Antimicrobial Resistance is one of the biggest threats to global health, food security and development in the world today and has the potential to reverse decades of medical progress. Multi-drug resistant bacteria don’t respect national borders; what happens in one country affects us all. Low- and Middle-Income Countries (LMICs) such as Uganda are particularly hard hit. Infectious diseases still cause a high proportion of deaths and, as many of the most commonly used antibiotics fail to work, resource-poor settings struggle to cover the costs of newer and more expensive antibiotics. Sepsis is a major cause of maternal mortality in Uganda and is often a result of poor Infection Prevention and Control (IPC) during c-sections, leading to surgical site infections.
The Antimicrobial Stewardship (AMS) research project was funded by the Commonwealth Pharmacy Association through the Tropical Health Education Trust. £60,000 was received and the project ran from November 2018 to April 2020, in partnership with the University of Salford and Tameside and Glossop NHS Trust. Its objectives were to improve the prescribing practices of pharmacists and clinical staff through training and mentoring, restart the Medicine Therapeutic Committee (MTC), improve staff skills in treating maternal sepsis and to develop appropriate new and existing tools and protocols within the hospital.
This action research project followed a mixed methods approach and was conducted at Fort Portal Regional Referral Hospital. Several professional volunteer doctors, nurses and midwives were placed in Fort Portal Regional Referral Hospital to conduct training sessions and project evaluation alongside our Ugandan staff. Over the course of the project, over XXX staff have been trained in prescribing practices, the management of sepsis and/or IPC measures. One senior hospital pharmacist, Mr Simon Sseguya, was awarded a British Commonwealth funded fellowship and travelled the UK for 3 months from March 2020, to complete training placements at Tameside and Glossop NHS Trust and the University of Salford.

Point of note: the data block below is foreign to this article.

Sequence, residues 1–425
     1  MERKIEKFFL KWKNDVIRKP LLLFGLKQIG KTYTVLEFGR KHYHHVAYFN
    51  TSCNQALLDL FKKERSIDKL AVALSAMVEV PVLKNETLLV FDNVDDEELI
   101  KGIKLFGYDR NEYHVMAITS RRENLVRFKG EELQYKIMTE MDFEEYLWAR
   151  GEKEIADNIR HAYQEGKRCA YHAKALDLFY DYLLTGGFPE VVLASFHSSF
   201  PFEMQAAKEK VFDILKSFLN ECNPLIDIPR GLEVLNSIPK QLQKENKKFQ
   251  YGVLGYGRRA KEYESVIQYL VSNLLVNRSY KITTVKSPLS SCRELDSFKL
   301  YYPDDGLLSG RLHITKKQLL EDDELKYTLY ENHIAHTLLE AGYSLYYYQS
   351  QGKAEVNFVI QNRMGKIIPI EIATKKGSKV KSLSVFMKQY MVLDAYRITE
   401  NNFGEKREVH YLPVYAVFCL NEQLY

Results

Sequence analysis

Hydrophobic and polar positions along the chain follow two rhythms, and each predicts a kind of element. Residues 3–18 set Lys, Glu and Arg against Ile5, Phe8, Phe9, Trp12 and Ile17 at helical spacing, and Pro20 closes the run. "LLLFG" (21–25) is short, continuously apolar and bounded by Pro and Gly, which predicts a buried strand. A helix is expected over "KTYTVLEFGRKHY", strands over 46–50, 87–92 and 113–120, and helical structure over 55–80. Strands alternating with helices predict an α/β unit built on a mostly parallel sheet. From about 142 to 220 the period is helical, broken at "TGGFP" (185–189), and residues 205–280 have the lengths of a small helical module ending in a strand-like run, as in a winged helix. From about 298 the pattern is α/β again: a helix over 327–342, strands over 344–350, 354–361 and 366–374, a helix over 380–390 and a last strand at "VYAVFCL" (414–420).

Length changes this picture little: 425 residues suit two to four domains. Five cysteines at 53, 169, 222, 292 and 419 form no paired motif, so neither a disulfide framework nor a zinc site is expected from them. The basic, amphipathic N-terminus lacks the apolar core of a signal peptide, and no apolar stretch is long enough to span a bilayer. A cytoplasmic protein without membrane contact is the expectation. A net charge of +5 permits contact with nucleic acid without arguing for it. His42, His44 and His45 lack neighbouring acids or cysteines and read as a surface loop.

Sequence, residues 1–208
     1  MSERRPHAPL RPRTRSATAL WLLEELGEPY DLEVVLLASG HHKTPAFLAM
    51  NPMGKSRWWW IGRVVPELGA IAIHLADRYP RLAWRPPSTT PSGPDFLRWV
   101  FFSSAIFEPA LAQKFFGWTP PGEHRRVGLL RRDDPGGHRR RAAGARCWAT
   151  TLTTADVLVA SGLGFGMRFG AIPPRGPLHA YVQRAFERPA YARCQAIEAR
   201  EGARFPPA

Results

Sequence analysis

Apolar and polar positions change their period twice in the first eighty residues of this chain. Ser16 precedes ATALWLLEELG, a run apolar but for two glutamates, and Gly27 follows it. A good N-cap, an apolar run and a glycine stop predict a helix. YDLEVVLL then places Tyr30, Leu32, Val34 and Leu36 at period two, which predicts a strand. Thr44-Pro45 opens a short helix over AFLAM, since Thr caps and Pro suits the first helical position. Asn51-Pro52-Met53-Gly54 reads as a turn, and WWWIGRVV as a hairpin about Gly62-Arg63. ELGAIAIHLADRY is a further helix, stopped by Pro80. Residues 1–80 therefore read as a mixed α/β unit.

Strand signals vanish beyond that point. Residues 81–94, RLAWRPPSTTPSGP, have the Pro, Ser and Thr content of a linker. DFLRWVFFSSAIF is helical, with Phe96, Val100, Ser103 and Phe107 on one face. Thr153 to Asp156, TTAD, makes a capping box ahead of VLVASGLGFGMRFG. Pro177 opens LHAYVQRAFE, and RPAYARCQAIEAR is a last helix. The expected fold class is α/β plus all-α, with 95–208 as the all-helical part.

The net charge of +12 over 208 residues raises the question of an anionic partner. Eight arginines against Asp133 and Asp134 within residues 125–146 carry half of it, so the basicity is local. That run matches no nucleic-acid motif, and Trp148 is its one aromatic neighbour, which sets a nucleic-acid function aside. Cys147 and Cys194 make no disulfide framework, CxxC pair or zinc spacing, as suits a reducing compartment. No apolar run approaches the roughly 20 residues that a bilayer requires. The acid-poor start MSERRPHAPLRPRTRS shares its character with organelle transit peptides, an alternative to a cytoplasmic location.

One core element of the AMS project was a Maternal Sepsis Intervention (MSI) which focused on two key contributors to AMS; reducing the incidence of infections (especially those acquired from hospitals) and improving the use of antibiotics to fight the infections that do occur.
Results so far
The project activities were continuously updated and refined over the course of the project in line with findings. This project has only recently ended, and the full evaluation is still ongoing, however we have already seen evidence that the MSI has fostered multi-disciplinary teamworking to improve IPC, wound swabbing and management and the laboratory analysis of swab results to identify the bacteria responsible and target the most effective antibiotic. Since the beginning of the project, the percentage of suspected sepsis cases being tested for culture and sensitivity has risen from 0% to 95%. Furthermore, the hospital’s score on the WHO’s IPC Infrastructure Audit Tool has risen from 58.7% to 96.8%.
The MSI has seen transformational change on the wards with major improvements in all of the above areas. This has resulted in improved patient outcomes, reduced mortality, reduced length of stay on the wards and major financial savings to the hospital. The MTC has been restarted and the hospital now has a fully functional ‘Rx system’ which will have a positive impact on AMS and the procurement of appropriate antibiotics.
A full project evaluation and associated publications are currently being written. Check back here soon to find out more!